Breast Cancer Research and News from 2021

October is Breast Cancer Awareness Month, and MOXYO® is ready to do its part. We’re not just paying lip service to the idea of breast cancer awareness. We recognize that many women with breast cancer are wary about being a charity case, the cause-du-jour, rather than the person they’ve always been and continue to be. We also recognize the collective need to further the development of breast cancer detection and treatments that will improve outcomes for women around the world.

During the month of October, MOXYO is committed to making a substantive contribution to the National Breast Cancer Foundation by donating 10% of our sales. We also thought Breast Cancer Awareness Month would be a good opportunity to review some of the most important developments in breast cancer research and treatments from the last year.

Breast Cancer Awareness Month

How to Read and Understand Research About Breast Cancer

Before we share our roundup of breast cancer news, we want to provide tips about trying to keep up with the latest news and research. Even the experts like Douglas Feil, National Breast Cancer Foundation Chief Program Officer, struggle to master all the information that’s out there.

Yet, if you or a loved one has breast cancer, you want to know what to expect and what’s available in breast cancer treatment. Of course, you’ll talk to your doctor, but what about before your first appointment with the oncologist? What about questions you only think to ask between appointments? What about the breast cancer stories you hear from friends and family?

Our friends at have put together this tutorial for understanding breast cancer research. They also publish their own roundup of breast cancer news.

Breast Cancer News Features from 2021

With this in mind, we wanted to focus on a handful of news stories from the last year.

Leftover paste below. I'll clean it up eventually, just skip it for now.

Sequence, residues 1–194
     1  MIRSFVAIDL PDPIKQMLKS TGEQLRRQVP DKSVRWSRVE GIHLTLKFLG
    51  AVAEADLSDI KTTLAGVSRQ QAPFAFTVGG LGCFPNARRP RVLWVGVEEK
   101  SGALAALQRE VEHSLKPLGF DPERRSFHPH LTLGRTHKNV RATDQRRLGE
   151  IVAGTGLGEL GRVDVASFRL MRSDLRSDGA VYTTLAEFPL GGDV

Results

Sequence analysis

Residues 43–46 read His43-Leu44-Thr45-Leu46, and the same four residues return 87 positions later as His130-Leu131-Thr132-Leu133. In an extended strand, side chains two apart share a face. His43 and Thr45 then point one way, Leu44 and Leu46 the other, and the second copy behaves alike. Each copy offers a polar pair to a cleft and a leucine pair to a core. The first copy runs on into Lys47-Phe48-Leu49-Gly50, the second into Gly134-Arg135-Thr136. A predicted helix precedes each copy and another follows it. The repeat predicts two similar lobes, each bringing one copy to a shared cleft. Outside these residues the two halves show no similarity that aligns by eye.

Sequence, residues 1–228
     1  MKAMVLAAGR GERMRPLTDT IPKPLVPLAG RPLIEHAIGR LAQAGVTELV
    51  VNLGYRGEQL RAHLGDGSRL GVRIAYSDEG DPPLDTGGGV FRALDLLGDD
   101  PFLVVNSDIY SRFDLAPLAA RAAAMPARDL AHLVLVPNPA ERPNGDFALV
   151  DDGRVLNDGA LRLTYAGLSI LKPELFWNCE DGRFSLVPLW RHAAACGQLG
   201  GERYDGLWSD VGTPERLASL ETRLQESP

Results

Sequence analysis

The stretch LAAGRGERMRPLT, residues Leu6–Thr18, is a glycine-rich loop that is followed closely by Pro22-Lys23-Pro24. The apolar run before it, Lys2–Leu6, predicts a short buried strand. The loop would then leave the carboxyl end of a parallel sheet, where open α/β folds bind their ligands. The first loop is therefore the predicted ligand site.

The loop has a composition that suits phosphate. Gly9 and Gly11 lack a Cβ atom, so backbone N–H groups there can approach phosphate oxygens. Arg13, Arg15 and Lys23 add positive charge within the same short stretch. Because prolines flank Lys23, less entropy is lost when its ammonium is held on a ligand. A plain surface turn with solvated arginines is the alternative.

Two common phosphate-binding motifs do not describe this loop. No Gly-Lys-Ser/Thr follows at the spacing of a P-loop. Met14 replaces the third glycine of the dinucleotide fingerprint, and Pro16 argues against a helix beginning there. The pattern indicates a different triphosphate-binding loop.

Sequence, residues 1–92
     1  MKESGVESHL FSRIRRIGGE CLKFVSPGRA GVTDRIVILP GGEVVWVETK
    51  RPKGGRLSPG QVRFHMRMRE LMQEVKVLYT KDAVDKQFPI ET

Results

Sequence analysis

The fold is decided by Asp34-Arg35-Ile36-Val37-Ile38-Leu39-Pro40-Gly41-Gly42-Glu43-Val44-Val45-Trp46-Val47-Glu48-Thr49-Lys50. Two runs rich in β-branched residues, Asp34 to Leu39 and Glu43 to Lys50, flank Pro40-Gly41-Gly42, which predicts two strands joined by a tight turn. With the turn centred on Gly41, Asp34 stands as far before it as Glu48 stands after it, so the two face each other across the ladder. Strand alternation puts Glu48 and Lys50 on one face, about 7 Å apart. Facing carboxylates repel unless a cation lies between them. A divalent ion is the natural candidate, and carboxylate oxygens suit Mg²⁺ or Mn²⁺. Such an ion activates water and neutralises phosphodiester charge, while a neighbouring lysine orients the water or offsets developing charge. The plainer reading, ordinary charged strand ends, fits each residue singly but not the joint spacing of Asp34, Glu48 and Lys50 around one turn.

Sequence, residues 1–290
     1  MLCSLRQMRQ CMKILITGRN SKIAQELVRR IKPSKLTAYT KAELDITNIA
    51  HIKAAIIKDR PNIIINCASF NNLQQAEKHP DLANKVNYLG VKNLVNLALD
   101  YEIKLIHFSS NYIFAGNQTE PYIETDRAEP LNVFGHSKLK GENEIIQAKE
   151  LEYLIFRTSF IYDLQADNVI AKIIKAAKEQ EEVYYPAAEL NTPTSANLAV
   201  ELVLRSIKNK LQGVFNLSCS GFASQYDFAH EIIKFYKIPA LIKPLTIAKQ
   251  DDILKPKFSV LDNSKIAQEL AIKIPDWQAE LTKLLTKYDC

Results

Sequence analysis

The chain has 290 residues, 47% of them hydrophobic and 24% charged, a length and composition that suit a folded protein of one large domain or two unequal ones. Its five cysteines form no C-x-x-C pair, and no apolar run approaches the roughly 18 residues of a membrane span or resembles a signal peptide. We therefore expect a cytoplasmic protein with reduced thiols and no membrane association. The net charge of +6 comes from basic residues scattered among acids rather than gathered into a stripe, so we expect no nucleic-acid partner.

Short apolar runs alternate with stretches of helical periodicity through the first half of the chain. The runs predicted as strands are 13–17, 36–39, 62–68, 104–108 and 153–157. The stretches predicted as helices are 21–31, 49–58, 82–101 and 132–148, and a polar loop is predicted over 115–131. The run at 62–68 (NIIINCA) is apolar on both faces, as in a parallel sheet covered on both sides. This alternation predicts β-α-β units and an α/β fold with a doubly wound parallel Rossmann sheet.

Better Medical Practices, Insurance Coverage, and State Laws for Dense Breasts

One of the ongoing limitations of mammogram screenings is the early detection of cancerous growths in dense breast tissue. Up to 40% of women have some amount of dense tissue in their breasts. Yet, many are never informed of this fact or the increased risk of a missed breast cancer diagnosis. While there are additional screenings that can help detect warning signs in dense breast tissue, many health insurance plans do not cover these screenings. The good news here is that things are starting to change: Thirty-eight states have adopted legislation requiring notification of dense breast tissue, and 11 states mandate insurance coverage for the extra screening.

Better Analysis of Genetic Mutations and New Focus on PALB2 Gene

Many people are aware of the importance of BRCA1 and BRCA2 genes in evaluating a person’s risk of developing breast cancer. There’s also another gene, PALB2, that shows almost the same amount of increased risk. Moreover, many women have not been tested for the PALB2 gene and some doctors are still unaware of the gene’s importance. Especially if you or a loved one were tested before 2014, there’s a good chance you should seek out additional genetic testing.

Better Classification of Breast Cancer Subtypes Leading to Personalized Treatment Plans

More than in situ vs. invasive and other clinical subtypes (luminal, HER2+ and triple negative), researchers at the Garvan Institute of Medical Research have revealed a new methodology for classifying breast cancer with 9 different ecotypes based on the cancer’s molecular profile. These ecotypes should lead to more personalized treatment plans and better outcomes.

Environment, Not Genetics, Likely Cause of Racial Differences in Breast Cancer Rates

Researchers at the University of Pennsylvania have found that black and white women have the same genetic risk of breast cancer, despite the fact that black women are more likely to develop breast cancer. Moreover, these environmental factors likely have to do with inequities in care and research. As part of the larger #BlackDataMatters, Touch and Ciitizen are teaming up to reduce the disparity in clinical research on breast cancer in black women.

Pandemic Still Causing Women to Skip Their Mammograms

There have been multiple studies over the last year that the pandemic has caused a lot of women to skip their mammogram screenings. The latest data suggest mammograms have been picking back up but still lag behind pre-pandemic rates. Unfortunately, this will surely lead to more breast cancer deaths in the months and years ahead. One silver lining is the adoption of 3D mammograms which show a lower incidence of breast cancer diagnoses between screenings.